The Easter and Passover holidays were accompanied Sunday by more relaxed restrictions on houses of worship and gatherings in New England, along with worries about the spread of COVID-19.
Many houses of worship required congregants to RSVP for a limited number of in-person service seats. Others held outdoor ceremonies. And, as has been the case throughout the pandemic, many had online services through Zoom, Facebook or YouTube.
Bishop Thomas Brown of the Episcopal Diocese of Maine said the Easter holiday felt different from last year. People now have a better understanding of the pandemic and they see light at the end of the tunnel as more people get vaccinated.
"We are feeling the truth of raising new life. Last year at this time, it felt like a huge blanket of grief,'' Brown told the Portland Press Herald.
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Rabbi Andrew Vogel of Temple Sinai in Brookline, Massachusetts, said there's a confluence of hope surrounding the Jewish Passover, which ends Sunday evening, and the Christian celebration of Easter, also Sunday.
Passover and Easter "are still full of hope. Especially now that we're turning the corner,'' he told the Boston Globe.
To ensure everyone's safety, outdoor services were a huge hit at churches across the region this Easter Sunday, including at Grace Episcopal Church in Norwood, Massachusetts. The church offered services outside in the parking lot at 10 a.m. -- and it was also streamed live on Facebook.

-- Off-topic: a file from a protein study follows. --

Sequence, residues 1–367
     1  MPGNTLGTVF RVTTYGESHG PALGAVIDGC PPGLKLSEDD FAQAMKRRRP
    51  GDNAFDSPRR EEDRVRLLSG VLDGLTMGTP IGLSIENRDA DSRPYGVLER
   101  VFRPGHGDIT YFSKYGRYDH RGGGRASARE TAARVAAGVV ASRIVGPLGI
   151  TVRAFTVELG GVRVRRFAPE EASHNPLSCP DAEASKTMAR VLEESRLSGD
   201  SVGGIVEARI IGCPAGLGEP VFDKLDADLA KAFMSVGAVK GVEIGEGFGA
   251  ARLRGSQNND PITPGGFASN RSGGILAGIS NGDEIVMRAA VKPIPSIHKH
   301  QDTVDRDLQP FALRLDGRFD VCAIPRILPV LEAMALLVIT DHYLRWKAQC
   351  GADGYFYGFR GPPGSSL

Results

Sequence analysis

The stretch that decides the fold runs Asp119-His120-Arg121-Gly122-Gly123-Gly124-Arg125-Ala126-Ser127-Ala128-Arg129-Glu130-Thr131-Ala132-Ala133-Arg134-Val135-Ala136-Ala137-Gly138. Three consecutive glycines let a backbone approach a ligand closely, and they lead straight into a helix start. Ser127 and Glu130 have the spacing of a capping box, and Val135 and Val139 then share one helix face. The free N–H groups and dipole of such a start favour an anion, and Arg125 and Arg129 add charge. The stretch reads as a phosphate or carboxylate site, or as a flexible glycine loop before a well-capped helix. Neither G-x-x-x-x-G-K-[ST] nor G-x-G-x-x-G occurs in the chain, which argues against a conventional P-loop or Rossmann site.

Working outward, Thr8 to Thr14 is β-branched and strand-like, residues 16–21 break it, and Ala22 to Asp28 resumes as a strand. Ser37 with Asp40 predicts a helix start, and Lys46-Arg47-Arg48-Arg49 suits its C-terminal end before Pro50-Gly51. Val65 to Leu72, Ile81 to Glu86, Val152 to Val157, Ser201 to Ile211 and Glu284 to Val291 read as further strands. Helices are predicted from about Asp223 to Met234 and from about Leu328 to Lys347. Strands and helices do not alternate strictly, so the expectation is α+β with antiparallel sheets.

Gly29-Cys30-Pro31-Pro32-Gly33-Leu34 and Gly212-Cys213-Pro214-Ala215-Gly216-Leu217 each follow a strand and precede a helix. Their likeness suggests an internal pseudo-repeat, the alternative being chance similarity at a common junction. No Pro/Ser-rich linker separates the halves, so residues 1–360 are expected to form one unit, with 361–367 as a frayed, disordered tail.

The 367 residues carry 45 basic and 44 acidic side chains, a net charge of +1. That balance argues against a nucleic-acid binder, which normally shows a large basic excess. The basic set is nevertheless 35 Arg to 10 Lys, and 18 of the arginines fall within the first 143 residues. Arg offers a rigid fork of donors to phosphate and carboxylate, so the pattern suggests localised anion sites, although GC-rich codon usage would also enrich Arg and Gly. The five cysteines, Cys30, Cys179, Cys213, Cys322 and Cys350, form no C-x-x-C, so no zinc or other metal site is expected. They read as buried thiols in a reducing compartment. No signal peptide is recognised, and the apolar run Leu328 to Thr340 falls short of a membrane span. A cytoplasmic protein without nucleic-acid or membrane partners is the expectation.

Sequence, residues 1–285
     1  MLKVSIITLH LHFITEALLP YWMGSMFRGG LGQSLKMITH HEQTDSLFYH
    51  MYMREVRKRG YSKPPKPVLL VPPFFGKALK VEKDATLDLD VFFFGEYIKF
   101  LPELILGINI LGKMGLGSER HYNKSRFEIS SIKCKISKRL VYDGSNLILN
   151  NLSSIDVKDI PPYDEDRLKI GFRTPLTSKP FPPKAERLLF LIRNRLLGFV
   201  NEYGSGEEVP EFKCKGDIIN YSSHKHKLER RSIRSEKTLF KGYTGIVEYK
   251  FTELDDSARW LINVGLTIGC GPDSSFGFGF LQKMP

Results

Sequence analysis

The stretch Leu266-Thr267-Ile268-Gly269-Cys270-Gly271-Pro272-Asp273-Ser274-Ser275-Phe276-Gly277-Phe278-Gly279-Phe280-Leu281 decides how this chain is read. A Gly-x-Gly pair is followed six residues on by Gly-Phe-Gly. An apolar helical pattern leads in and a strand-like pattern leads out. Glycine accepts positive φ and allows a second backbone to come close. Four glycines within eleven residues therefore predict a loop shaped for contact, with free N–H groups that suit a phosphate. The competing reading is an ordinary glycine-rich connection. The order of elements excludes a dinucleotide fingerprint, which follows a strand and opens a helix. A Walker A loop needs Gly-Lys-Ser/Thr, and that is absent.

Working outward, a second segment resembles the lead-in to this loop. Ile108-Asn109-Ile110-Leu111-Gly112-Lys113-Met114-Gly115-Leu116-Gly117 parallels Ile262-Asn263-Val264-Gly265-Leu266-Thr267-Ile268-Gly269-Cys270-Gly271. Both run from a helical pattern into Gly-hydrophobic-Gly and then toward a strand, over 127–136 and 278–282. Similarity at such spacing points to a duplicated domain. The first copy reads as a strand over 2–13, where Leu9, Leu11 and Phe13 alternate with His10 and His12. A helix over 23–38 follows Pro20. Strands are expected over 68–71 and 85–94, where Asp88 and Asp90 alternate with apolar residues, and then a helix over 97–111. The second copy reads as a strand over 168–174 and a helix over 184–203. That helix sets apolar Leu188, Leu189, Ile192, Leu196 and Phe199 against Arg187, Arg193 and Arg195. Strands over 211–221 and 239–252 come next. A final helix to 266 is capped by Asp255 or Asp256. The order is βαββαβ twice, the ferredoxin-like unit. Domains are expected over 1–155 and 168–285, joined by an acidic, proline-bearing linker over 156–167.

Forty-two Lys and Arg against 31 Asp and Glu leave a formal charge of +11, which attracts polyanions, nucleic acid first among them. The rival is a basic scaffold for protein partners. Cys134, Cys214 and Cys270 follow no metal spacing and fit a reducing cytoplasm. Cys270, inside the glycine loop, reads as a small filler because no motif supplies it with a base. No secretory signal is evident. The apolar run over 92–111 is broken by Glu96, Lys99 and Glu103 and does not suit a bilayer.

It was the first time parishioners had been face to face in about a year.
"Actually being able to spend some time with friends and family and everyone in our congregation was really nice," Peter Loescher said.
"This was wonderful, I had so much fun and I think it's really sweet that we were able to come together and still have a lot of the Easter ceremonies that make Easter Sunday so great," Catriona Morris said.
Of course, the Norwood church asked members to remain socially distanced and required parishioners not attend if they had any COVID symptoms.
But Easter Sunday with a dose of sunshine was something parishioners said was a beautiful way to enjoy mass. And with their faith tested time and again over the last 12 months, many say this Easter Sunday marks a new beginning and hope for brighter days ahead.
"This was hopeful, to see so many people willing to come back," said Rev. Matthew Conley, of St. Mary of the Nativity in Scituate. "A lot of people have been able to get vaccinated so they feel like they can go back out into public. It really warms the heart to know that we're alive and we're here."
"Just a beautiful way to enjoy the mass, to be outside on a great sunny day like this, it's perfect," one parishioner said.
There was some seating inside St. Mary's, but there were also speakers set up outside for people who felt more comfortable celebraitng in the open air.
"It's been kind of a long haul, watching online has been great also, but actually being here and participating, and being able to receive the Eucharist is really important," said Debbie Shurdut.
Several churches around Boston also held indoor services, including the Cathedral of the Holy Church. Trinity Church planned a Festival Worship, which was streamed live, and they also offered flowering of the cross in person during two different times.
Another church in West Boylston, Next Level Church, held an in-person service on Easter Sunday for the first time in months. The pastor says with the vaccine, he decided to resume in-person services. Parishioners were required to wear masks and remain six feet apart.